2-hour standoff in middle of Austin after driver pulled over for anti-cop bumper stickers: Some 80 cops and 40 DPS vehicles swarmed the Congress Ave. bridge in Austin to surround a 24-year old headshop employee and her Chihuahua with anti-police bumper stickers on her car, reported the Intercept. Notably this episode - which lasted at least a couple of hours and ended with a bomb-squad robot breaking the window of her car and two Bearcats crushing her bumpers - happened within rock throwing distance of the Austin Statesman newsroom, which didn't report it. Thank heavens the Intercept reporter happened to be jogging by!
#MeToo @ Falls County Sheriff: The elected Falls County Sheriff was arrested for allegedly sexually assaulting a City of Marlin employee. Falls County is southeast of Waco, adjacent to McLennan County. Notably Sheriff Ricky Scaman, "was sued twice in the last two years by former employees who claimed he subjected them to unwanted sexual advances and harassment. Both lawsuits have since been settled, court documents state."
TX parole caseloads analyzed: This may get its own blog post soon, but I wanted to record the link for the new TDCJ parole officer caseload study. For more background on related topics, see state auditor reports from 2010 and 2008.
Competing hypotheses on why crime rises after protests: We misunderstood "the Ferguson effect," say researchers. Police weren't pulling back from communities, which some have blamed for the reported, recent crime spike. Rather, communities were pulling back from police. That makes sense, but I'd also add that perceived crime spikes after Ferguson, which some commentators tried to blame on the protesters, turned out to be overblown and overhyped. Grits won't be surprised if that turns out to be true for 2020 as well, with the benefit of 20/20 hindsight. MORE: Regarding the current, perceived crime spike: Murders are up this year; other violent crime as well as property crime are down, reported the New York Times. Moreover, "The F.B.I. on Monday reported a tiny decrease (0.2 percent) in the nation’s murder rate in 2019. The U.S. violent crime rate fell slightly for the fourth straight year in this official report, and the property crime rate fell for the 18th straight year, to the lowest level since 1963." There's your "law and order" crisis.
Trib shows it's possible to accurately describe Austin budget cuts; why can't other media pull it off? So much press coverage of the Austin police budget cuts has misrepresented them, repeating the Governor's spurious claim that they cut $150 million, or one-third of the budget, when the actual cuts were $20 million and the rest are duties being re-organized. In recent coverage of the Dallas City Council's budget vote, the Texas Tribune demonstrated that it's actually possible to describe the cuts accurately:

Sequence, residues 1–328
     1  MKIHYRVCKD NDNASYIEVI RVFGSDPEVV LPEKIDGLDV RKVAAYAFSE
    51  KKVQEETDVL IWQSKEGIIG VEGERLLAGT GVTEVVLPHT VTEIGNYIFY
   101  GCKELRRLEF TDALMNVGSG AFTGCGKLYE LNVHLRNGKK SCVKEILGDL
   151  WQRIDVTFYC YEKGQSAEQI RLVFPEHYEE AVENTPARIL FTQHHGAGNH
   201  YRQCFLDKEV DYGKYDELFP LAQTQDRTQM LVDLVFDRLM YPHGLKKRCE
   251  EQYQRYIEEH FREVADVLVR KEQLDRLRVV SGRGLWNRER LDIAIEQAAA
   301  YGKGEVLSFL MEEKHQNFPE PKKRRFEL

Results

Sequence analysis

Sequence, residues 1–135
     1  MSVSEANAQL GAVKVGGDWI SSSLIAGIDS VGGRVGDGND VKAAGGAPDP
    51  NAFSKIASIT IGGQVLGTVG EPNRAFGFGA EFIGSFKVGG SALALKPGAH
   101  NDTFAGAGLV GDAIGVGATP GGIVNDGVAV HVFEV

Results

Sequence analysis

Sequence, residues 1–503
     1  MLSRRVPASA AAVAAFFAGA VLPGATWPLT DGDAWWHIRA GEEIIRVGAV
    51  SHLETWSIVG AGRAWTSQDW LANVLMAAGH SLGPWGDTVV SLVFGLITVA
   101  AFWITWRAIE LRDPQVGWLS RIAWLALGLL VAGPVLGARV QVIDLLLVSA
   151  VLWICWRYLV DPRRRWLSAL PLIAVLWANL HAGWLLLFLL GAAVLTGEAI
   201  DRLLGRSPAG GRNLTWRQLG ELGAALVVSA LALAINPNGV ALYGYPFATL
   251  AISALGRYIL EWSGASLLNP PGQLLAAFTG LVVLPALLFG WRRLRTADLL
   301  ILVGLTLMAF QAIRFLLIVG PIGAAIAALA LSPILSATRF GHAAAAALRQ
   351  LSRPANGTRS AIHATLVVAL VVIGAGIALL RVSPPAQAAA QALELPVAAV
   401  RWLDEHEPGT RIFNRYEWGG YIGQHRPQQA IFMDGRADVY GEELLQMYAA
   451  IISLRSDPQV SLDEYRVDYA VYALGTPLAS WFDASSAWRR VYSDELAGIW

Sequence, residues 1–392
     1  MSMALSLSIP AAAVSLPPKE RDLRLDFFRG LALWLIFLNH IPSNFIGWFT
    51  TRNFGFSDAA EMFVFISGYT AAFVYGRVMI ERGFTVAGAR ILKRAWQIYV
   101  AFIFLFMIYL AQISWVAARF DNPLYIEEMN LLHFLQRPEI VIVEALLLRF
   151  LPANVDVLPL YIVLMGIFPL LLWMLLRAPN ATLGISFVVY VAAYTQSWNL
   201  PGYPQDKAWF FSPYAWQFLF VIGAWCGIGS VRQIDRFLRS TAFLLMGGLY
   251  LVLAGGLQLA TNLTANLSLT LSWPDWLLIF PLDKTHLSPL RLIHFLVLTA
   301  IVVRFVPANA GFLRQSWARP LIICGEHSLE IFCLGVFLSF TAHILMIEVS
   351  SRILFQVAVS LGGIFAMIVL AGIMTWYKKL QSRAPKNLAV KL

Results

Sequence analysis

Now, was that so hard?
The movement gained traction in Austin, where city councilmembers in August voted to immediately cut about $20 million, or 5%, from its police department and redirect those funds to things like violence prevention, housing and mental health services. Another $130 million was put into transitional funds that will allow several of the department's traditional duties to remain funded while officials work out which responsibilities to keep under law enforcement and which to move out from under police oversight.
Deep Policing History from the Windy City: Just to be able to find it again, I wanted to record a link to this remarkable 600+ page report on race riots in Chicago in 1919. Found it while researching historic public opinion on crime and now want to go back and read the whole thing. This is a remarkable document. Drop in anywhere and its findings seem relevant, almost current. Especially interesting to me were Chapter 9 on public opinion around race and crime and Chapter 7 regarding early efforts to analyze policing quantitatively. This document strikes me as impressive and important as the Kerner Commission report 5 decades hence. Certainly its central warnings and recommendations went just as unheeded.
Prof: Americans need 'universal education of the development of American policing'. Grits was pleased to see TSU Prof. Howard Henderson in the Texas Observer endorsing the sort of historical perspective Grits has been seeking in recent research on slave patrols and early Texas policing:
We just didn’t wake up here today and find ourselves in this disarray. This came out of centuries of degradation and oppression. The police are an offshoot of the overseer on the plantation and the slave patrols. The institution of slavery and its control of minorities directly parallels with early American policing. Right after slavery, they arrested Black people for petty crimes and then leased them back out to the plantation. This history of race and policing in America is deep, and we do ourselves a disservice by just glossing over it. A lot of the laws that we have today are derivatives of Jim Crow legislation. Look at the number of white police officers who were members of the Ku Klux Klan. It was just a common relationship at the time.
You’ve seen several policymakers say that they don’t see policing as racist, and yet you can rattle off probably 10 statistical points to prove otherwise. I think we’ve got to start with universal education of the development of American policing. We’ve also got to move beyond the point where the police are infallible. We’re taught from a very young age that they can do no wrong, that they’re the problem solvers of all social ills. And the reality is that they’re not. They’re human. They make mistakes. And they’ve created an institution that does not openly express their errors. It’s a system that is designed to support that misconduct.